A Companion to Persius and Juvenal (Blackwell Companions to

A significant other to Persius and Juvenal breaks new flooring in its in-depth concentrate on either authors as "satiric successors"; precise person contributions recommend unique views on their paintings, and supply an in-depth exploration of Persius' and Juvenal's afterlives.

• presents targeted and updated counsel at the texts and contexts of Persius and Juvenal
• deals titanic dialogue of the reception of either authors, reflecting one of the most leading edge paintings being performed in modern Classics
• includes a thorough exploration of Persius' and Juvenal's afterlives

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The section that immediately follows, lines 7–19, muddles things even further. 4 – one should keep things short (breuitas, 9), varied, and measured – but ends with a famous, if somewhat confusing, statement (14–17): ridiculum acri fortius et melius magnas plerumque secat res. illi, scripta quibus comoedia prisca uiris est, hoc stabant, hoc sunt imitandi. 32 Persius and Juvenal: Texts and Contexts Humor generally cuts through great matters better and more forcefully than sharpness. Those men who wrote Old Comedy relied on this principle, and in this regard they should be imitated.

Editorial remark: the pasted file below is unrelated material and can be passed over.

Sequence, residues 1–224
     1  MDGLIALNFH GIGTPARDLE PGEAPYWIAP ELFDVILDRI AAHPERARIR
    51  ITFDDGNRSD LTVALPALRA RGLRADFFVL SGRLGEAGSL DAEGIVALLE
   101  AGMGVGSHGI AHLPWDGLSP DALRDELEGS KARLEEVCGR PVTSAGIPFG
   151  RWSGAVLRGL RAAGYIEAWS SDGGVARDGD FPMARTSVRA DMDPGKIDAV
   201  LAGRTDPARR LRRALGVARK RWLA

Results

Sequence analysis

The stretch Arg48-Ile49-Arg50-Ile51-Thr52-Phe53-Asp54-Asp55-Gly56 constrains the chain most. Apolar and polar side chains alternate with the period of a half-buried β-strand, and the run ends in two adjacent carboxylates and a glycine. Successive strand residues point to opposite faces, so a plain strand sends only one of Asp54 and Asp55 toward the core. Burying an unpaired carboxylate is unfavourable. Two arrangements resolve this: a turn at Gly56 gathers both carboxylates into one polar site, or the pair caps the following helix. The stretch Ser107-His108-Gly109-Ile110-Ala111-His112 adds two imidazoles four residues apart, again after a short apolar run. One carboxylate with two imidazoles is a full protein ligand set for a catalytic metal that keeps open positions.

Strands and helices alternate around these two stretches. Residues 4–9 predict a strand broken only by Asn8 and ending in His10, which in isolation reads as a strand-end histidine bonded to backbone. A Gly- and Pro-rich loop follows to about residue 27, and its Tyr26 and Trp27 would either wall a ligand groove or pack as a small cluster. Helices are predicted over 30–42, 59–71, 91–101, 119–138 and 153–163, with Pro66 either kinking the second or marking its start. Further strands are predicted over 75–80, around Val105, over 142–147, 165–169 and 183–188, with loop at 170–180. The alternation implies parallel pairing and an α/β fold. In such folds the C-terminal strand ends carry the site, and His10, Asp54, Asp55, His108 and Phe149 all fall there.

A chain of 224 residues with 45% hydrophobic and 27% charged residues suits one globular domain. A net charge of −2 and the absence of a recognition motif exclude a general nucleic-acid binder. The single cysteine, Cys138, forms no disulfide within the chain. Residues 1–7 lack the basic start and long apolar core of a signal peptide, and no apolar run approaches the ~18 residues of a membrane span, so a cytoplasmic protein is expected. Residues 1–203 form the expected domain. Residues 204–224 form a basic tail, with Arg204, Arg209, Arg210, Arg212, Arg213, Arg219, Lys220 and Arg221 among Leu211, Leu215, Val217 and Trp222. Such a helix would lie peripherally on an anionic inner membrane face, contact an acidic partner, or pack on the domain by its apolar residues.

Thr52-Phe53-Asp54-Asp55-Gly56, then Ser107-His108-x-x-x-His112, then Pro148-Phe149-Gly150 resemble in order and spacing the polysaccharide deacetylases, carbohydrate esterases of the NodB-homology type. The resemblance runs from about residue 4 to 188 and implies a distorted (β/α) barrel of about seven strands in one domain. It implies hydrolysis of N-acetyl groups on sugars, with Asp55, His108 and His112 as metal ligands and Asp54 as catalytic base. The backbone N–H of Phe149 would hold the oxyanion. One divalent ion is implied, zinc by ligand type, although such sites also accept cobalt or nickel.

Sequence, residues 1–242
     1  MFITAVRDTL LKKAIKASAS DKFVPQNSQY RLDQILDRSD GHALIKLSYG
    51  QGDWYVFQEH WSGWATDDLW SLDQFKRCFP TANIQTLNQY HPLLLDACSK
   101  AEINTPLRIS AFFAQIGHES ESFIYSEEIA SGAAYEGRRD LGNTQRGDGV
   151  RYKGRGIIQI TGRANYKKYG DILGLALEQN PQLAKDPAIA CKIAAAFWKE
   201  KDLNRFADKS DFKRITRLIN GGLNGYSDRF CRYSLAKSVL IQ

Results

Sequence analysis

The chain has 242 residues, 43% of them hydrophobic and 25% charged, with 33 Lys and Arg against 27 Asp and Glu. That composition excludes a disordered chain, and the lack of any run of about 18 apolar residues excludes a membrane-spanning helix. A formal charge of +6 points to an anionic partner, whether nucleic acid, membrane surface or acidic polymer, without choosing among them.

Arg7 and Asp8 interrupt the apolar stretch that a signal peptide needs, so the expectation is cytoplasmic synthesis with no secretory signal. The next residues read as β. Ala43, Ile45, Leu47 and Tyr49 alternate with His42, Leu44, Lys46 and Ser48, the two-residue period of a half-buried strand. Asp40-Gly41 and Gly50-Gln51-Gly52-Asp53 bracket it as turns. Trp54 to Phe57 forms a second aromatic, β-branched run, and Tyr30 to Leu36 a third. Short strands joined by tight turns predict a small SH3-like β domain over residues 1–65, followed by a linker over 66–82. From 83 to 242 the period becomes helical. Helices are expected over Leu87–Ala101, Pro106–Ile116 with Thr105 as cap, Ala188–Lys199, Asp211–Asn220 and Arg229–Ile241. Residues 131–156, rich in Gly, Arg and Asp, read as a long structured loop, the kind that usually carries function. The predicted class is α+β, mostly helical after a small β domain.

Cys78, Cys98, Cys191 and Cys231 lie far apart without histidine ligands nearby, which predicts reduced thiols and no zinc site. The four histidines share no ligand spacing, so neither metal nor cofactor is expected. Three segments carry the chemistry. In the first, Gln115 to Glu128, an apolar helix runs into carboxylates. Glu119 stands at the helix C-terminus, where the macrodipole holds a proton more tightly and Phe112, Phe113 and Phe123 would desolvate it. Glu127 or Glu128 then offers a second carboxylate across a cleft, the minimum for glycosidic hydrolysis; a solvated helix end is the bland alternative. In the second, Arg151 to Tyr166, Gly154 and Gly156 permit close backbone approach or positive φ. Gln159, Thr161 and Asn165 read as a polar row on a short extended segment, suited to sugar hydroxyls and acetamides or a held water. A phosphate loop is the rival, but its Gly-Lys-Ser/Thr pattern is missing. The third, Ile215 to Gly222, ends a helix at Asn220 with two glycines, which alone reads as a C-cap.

Roman satirists were particularly attuned to this fact, and came to be increasingly self-conscious about the constraints and anxieties that they imagined always loomed over their chosen genre. Matters were further complicated by the fact that within the chronological boundaries of Roman verse satire – from Lucilius in the second century BCE to Juvenal in the second century CE – Rome’s political system moved from Republic to Empire, from a government based on electoral representation that allowed for considerable freedom of movement and expression (at least for the literate classes who comprised, by and large, the satirist’s audience) to one of imperial autocracy, where law and social policy were ultimately shaped by the will of a single ruler.

In “Persius, Juvenal, and Stoicism,” Shadi Bartsch argues that Persius represents a radical departure from the satiric tradition, insomuch as philosophy is not a butt for his criticism, but rather he endorses a Roman version of Stoicism, many features of which can be found in the writings of his contemporary Seneca (the practice of “selfshaping,” for example). The reflectiveness of Horatian satire thus takes on a new, Stoic twist. Next, Charles McNelis focuses his discussion – to be read alongside Cucchiarelli’s chapter – of Persius and Juvenal’s relationship to other genres of poetry by considering specifically Greek comedy and iambic poetry in a sort of case-study.

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